Feeling SAD? How to combat the disorder

Seasonal Affective Disorder is a type of depression which is triggered by changing seasonal weather patterns. It usually occurs during the transition from summer to winter, when the days get shorter and darker. For this reason, it’s sometimes called “winter depression”.

SAD can present with similar symptoms to depression such as low mood or lack of interest and enjoyment in things you would normally enjoy. Other symptoms include irritability, low sex drive, and lack of energy. SAD can also make it difficult for a person to carry out simple day-to-day tasks, such as getting out of bed in the morning.

Dr Jon Van Niekerk, Group Clinical Director at Cygnet Health Care, has offered expert insight into how we can limit the impact of SAD. He said:

“We don’t fully understand what causes SAD, but there has been a lot of research exploring how daylight can influence our mood, appetite and wakefulness.

“The main theory is that a lack of sunlight during shorter autumn and winter days can affect a part of the brain called the hypothalamus. It’s the hypothalamus which controls the production of serotonin, the production of melatonin, and the body’s internal clock – which in turn influences our mood, appetite, and wakefulness. When these functions are thrown off-kilter, it can lead to symptoms of SAD.

“Some lifestyle changes that might help people with SAD feel better include getting as much natural sunlight as possible, like taking a walk during daylight hours, and exercising regularly. It can be helpful to keep in touch with friends and family to let them know how you’re feeling, and planning things to look forward to. Start small and try to establish a routine, no matter how simple it is.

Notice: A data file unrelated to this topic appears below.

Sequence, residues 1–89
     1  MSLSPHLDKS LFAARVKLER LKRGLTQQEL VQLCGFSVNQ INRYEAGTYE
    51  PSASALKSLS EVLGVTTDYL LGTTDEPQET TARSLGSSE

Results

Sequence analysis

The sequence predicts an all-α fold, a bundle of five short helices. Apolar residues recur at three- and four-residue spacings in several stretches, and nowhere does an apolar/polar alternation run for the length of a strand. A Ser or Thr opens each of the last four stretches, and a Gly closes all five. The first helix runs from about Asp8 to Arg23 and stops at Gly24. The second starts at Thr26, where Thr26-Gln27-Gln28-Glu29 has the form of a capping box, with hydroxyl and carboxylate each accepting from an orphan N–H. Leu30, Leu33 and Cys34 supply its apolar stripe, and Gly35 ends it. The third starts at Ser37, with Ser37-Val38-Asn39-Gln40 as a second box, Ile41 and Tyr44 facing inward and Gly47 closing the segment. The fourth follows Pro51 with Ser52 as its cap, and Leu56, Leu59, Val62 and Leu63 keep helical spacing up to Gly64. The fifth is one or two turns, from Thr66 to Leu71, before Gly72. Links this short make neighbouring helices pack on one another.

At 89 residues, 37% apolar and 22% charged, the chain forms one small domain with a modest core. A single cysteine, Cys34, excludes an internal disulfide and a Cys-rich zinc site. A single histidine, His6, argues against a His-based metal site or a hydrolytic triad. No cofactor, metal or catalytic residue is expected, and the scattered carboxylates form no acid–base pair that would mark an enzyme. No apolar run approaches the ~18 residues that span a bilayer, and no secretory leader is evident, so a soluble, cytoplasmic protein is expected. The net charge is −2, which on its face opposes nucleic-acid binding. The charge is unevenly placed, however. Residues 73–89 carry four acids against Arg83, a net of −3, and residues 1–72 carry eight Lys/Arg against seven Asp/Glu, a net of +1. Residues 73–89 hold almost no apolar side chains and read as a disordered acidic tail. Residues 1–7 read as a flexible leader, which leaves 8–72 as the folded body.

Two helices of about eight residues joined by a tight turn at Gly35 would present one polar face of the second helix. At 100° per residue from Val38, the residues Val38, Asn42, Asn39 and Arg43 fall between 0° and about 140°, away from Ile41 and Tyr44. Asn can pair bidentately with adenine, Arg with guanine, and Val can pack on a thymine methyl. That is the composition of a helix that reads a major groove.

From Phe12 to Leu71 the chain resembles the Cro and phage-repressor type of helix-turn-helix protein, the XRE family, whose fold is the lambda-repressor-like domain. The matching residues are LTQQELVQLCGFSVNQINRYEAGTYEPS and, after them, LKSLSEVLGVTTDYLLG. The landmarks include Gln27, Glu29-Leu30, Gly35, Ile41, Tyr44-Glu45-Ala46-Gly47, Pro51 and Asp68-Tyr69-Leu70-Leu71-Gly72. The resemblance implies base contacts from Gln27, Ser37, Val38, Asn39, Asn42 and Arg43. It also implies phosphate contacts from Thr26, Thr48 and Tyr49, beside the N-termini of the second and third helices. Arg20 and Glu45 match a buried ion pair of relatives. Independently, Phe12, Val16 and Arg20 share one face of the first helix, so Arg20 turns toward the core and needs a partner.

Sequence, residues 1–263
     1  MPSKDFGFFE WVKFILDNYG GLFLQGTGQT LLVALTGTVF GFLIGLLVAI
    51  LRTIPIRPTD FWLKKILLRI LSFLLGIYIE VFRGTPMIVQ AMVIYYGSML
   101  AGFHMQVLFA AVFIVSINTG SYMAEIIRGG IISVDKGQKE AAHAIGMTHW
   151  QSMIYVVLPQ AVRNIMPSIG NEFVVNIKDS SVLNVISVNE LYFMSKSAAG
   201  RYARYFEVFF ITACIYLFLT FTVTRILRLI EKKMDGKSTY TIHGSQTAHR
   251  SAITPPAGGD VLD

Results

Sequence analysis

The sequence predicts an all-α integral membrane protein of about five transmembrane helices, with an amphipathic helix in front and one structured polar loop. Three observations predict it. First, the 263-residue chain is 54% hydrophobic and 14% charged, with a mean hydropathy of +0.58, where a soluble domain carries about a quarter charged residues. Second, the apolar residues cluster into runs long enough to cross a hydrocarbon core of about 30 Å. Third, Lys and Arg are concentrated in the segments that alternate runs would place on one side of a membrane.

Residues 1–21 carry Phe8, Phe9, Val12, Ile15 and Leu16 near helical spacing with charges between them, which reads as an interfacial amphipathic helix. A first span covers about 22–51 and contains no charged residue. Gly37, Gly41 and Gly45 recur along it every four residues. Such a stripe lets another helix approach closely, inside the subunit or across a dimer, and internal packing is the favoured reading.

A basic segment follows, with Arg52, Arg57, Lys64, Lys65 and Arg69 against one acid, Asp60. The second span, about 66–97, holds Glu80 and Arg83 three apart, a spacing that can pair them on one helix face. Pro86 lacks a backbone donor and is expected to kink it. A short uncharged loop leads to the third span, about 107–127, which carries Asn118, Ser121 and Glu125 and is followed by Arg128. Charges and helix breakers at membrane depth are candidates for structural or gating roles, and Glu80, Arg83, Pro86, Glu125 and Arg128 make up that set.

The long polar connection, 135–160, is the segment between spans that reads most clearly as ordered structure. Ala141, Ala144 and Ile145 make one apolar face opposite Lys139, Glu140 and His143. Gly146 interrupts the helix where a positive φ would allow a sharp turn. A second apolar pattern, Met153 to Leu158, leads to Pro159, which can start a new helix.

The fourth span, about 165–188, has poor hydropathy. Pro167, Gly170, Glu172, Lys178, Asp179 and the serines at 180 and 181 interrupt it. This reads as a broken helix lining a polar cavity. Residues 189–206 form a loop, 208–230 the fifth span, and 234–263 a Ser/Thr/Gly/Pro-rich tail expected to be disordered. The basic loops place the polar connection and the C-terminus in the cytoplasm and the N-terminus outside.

“‘Habit stacking’ is a good way to foster positive habits in your lifestyle too. The idea is simple: if you’re trying to incorporate a new habit into your routine, then ‘combine’ it with another habit that you enjoy or find easy.

“There’s also light therapy: you can also use a special lamp (called a ‘light box’) to simulate exposure to sunlight. If it gets really bad, you can try talking therapy. Cognitive behavioural therapy (CBT) or counselling can also be a great help if you’re struggling with your mental health in the winter months. If lifestyle changes are ineffective in treating SAD, your doctor might recommend talking therapies to help manage any associated impacts, including stress, anxiety and depression. In more severe cases, your doctor might recommend medication like antidepressants during the winter months.

“Ultimately, if you think you have SAD and feel as though it’s impacting your ability to cope with daily life, you should seek professional help as your GP will be able to advise you on the best course of action.”


About Lisa Baker, Editor, Wellbeing News 4360 Articles
Editor Lisa Baker is passionate about the benefits of a holistic approach to healing. Lisa is a qualified Vibrational Therapist and has qualifications in Auricular Therapy, Massage, Kinesiology, Crystal Healing, Seichem and is a Reiki Master.